Baltimore Sun

Hogan’s allies say his time will come

Some hold out hope for governor’s political future, insisting he will prevail, even as his pick for successor flops

- By Jeff Barker and Jean Marbella

After Maryland Gov. Larry Hogan’s choice to succeed him flopped in last week’s Republican primary, his political allies insisted Hogan’s calm brand of moderation will ultimately prevail over the Donald Trump-led right wing.

“At the end of the day, the governor will be right and Trump and his ego will be wrong,” longtime Hogan strategist Doug Mayer said. “It’s the long game.”

But how long?

Even before Hogan-endorsed Kelly Schulz, a former state commerce secretary, lost to Trump-backed Dan Cox, analysts said it was difficult to say when — or if — Hogan’s moment would come in a national party whose base remains enthralled by the twice-impeached 45th president Hogan has often opposed.

Former New Jersey governor and presidenti­al candidate Chris Christie was among those rallying to the two-term Maryland governor’s defense after Schulz’s loss to Cox, a Frederick County state delegate who relied heavily on Trump’s endorsemen­t.

“I think Larry stuck his neck out for Kelly because he believes in her and she’s done a good job for him and the government. But the responsibi­lity of winning or losing an election is on the candidate,” Christie said in an interview.

Christie said Hogan possesses a pragmatic style and authentici­ty that makes him an “appealing” presidenti­al candidate in any era. Hogan has not said yet whether he will run for president in 2024.

But it’s uncertain how the party will position itself relative to Trump in the 2024 race, making Hogan akin to a piece trying to fit into a puzzle with no clear shape.

Hogan traveled earlier this month to New Hampshire, a key presidenti­al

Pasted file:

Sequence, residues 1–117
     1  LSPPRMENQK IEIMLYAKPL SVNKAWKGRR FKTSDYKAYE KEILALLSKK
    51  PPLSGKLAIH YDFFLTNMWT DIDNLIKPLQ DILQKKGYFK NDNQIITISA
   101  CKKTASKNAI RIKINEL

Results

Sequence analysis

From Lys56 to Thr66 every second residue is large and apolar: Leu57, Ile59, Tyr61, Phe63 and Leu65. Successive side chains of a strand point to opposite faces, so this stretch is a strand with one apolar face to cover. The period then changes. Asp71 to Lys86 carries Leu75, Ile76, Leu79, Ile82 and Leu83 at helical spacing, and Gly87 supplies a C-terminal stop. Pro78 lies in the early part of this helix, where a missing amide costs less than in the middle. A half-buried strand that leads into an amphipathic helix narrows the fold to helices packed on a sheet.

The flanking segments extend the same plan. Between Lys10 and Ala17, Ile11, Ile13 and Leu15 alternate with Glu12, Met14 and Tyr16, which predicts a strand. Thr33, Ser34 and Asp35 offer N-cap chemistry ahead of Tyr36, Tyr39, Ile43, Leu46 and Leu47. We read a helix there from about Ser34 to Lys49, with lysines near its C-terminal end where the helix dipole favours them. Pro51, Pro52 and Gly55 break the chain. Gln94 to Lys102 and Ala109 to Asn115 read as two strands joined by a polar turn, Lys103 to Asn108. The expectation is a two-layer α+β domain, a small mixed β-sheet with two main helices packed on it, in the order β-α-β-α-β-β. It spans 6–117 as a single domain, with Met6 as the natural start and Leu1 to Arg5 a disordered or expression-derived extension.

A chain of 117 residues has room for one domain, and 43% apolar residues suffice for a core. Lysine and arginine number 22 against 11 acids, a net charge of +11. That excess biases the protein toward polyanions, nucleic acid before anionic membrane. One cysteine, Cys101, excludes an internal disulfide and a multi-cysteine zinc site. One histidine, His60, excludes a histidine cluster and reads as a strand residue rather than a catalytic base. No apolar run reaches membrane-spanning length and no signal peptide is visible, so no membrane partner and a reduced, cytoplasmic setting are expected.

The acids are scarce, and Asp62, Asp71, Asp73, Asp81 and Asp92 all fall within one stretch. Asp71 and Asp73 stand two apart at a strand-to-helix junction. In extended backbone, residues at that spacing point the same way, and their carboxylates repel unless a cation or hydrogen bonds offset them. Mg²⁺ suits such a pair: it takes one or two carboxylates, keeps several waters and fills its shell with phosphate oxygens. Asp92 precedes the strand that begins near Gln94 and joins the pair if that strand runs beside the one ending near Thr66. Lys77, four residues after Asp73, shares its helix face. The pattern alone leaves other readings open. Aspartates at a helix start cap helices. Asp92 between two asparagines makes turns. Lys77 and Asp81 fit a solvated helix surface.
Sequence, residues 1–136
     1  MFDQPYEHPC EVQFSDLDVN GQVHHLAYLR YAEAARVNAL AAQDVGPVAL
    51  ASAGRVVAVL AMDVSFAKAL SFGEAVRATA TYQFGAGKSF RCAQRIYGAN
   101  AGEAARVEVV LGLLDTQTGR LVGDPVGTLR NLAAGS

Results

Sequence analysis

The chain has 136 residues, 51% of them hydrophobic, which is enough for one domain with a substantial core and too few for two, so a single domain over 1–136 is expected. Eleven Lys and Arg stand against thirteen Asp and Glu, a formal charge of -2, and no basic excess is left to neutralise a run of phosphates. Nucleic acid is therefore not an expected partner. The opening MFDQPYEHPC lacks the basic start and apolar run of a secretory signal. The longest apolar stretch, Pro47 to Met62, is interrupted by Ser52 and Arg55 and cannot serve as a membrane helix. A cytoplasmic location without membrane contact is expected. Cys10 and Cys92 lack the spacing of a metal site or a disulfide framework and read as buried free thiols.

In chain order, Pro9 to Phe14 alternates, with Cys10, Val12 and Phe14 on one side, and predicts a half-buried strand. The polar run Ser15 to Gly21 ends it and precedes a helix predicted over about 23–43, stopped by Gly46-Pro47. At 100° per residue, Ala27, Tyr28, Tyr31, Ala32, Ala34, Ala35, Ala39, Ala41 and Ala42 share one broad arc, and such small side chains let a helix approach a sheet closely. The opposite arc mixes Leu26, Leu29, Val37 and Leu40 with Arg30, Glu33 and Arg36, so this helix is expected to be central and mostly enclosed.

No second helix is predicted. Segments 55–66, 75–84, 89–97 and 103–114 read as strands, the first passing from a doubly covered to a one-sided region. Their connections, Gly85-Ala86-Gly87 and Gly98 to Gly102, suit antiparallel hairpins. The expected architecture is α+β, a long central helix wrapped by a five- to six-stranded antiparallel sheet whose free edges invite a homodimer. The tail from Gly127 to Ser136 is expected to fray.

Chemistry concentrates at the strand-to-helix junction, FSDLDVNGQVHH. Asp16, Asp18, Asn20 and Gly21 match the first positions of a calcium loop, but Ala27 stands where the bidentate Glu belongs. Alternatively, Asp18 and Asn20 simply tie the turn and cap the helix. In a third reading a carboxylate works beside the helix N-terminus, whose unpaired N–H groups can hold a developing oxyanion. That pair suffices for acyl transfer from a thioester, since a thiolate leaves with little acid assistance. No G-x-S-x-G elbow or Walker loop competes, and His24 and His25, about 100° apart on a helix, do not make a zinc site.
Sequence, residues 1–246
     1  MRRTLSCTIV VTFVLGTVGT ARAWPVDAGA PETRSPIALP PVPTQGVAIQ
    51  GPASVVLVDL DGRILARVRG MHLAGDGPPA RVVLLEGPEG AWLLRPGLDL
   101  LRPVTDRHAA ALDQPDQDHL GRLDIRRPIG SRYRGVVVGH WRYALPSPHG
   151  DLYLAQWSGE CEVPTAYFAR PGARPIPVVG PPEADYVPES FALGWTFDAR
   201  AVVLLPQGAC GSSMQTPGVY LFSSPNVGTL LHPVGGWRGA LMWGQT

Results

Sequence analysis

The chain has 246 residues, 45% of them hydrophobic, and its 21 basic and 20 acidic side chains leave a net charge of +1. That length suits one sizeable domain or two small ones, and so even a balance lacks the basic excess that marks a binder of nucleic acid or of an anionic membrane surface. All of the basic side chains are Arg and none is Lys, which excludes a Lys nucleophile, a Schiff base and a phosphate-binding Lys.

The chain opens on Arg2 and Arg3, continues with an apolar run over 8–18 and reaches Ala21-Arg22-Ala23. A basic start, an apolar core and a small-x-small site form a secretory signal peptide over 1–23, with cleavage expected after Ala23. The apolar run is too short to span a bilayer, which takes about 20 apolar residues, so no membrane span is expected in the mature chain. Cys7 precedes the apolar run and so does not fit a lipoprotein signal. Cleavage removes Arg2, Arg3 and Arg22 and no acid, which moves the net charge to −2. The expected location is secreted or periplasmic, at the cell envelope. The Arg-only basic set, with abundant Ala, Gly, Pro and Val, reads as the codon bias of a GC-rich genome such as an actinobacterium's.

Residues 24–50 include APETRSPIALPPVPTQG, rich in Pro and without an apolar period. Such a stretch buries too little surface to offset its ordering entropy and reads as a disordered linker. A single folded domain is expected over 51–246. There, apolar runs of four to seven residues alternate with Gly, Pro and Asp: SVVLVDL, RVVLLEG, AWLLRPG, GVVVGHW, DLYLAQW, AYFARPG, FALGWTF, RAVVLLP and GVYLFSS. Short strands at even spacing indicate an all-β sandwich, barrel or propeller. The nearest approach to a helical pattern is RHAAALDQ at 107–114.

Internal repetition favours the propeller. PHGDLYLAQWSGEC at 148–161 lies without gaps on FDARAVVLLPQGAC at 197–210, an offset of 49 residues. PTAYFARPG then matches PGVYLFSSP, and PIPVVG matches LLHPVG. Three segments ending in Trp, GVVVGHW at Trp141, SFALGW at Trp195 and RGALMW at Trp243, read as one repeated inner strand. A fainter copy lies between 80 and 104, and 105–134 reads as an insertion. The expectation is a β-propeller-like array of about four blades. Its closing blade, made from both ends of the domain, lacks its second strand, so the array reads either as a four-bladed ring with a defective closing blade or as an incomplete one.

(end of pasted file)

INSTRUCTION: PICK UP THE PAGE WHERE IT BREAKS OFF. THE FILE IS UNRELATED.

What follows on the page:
primary state, where he met with business groups and tweeted about his “roadmap” to provide relief from inflation.

“Hogan is a two-term, popular governor who couldn’t get his qualified, attractive choice nominated as his successor — even against an extremist like Dan Cox. Not very auspicious,” said Larry Sabato, director of the Center for Politics at the University of Virginia.

“Hogan can be saluted for trying to bring his party back to sanity, but he has about as much chance of being the GOP nominee for president as Liz Cheney has of being reelected to Congress. Sometimes, virtue has to be its own reward,” Sabato said.

A recent poll from the Casper Star-Tribune showed Cheney, a Wyoming Republican congresswo­man, would lose badly to Trump-backed candidate Harriet Hageman in an Aug. 16 primary. Cheney is vice chair of the House committee investigat­ing the Jan. 6 attack on the U.S. Capitol by Trump supporters.

Hogan responded quickly to Cox’s win, tweeting the following morning that Trump had cost Republican­s the White House, the House, the Senate and now the Maryland governor’s seat.

“He’s fighting for his ego. We’re fighting to win, and the fight goes on,” the governor tweeted.

On Sunday, a defiant Hogan told Jake Tapper on CNN’s “State of the Union” that “I’m not giving up, it just makes me want to double down and fight back against what I think is kind of a hostile takeover of the party that I love.”